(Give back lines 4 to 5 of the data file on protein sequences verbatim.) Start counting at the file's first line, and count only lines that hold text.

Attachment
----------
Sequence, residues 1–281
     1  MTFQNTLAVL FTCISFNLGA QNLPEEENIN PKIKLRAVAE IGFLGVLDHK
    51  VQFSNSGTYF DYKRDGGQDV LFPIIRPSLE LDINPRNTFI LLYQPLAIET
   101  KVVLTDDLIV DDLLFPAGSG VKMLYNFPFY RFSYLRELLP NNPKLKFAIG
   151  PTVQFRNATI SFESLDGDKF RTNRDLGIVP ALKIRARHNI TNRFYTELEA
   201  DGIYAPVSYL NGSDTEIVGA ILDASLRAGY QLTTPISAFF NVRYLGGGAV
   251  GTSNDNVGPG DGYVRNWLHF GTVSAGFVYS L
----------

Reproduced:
   101  KVVLTDDLIV DDLLFPAGSG VKMLYNFPFY RFSYLRELLP NNPKLKFAIG
   151  PTVQFRNATI SFESLDGDKF RTNRDLGIVP ALKIRARHNI TNRFYTELEA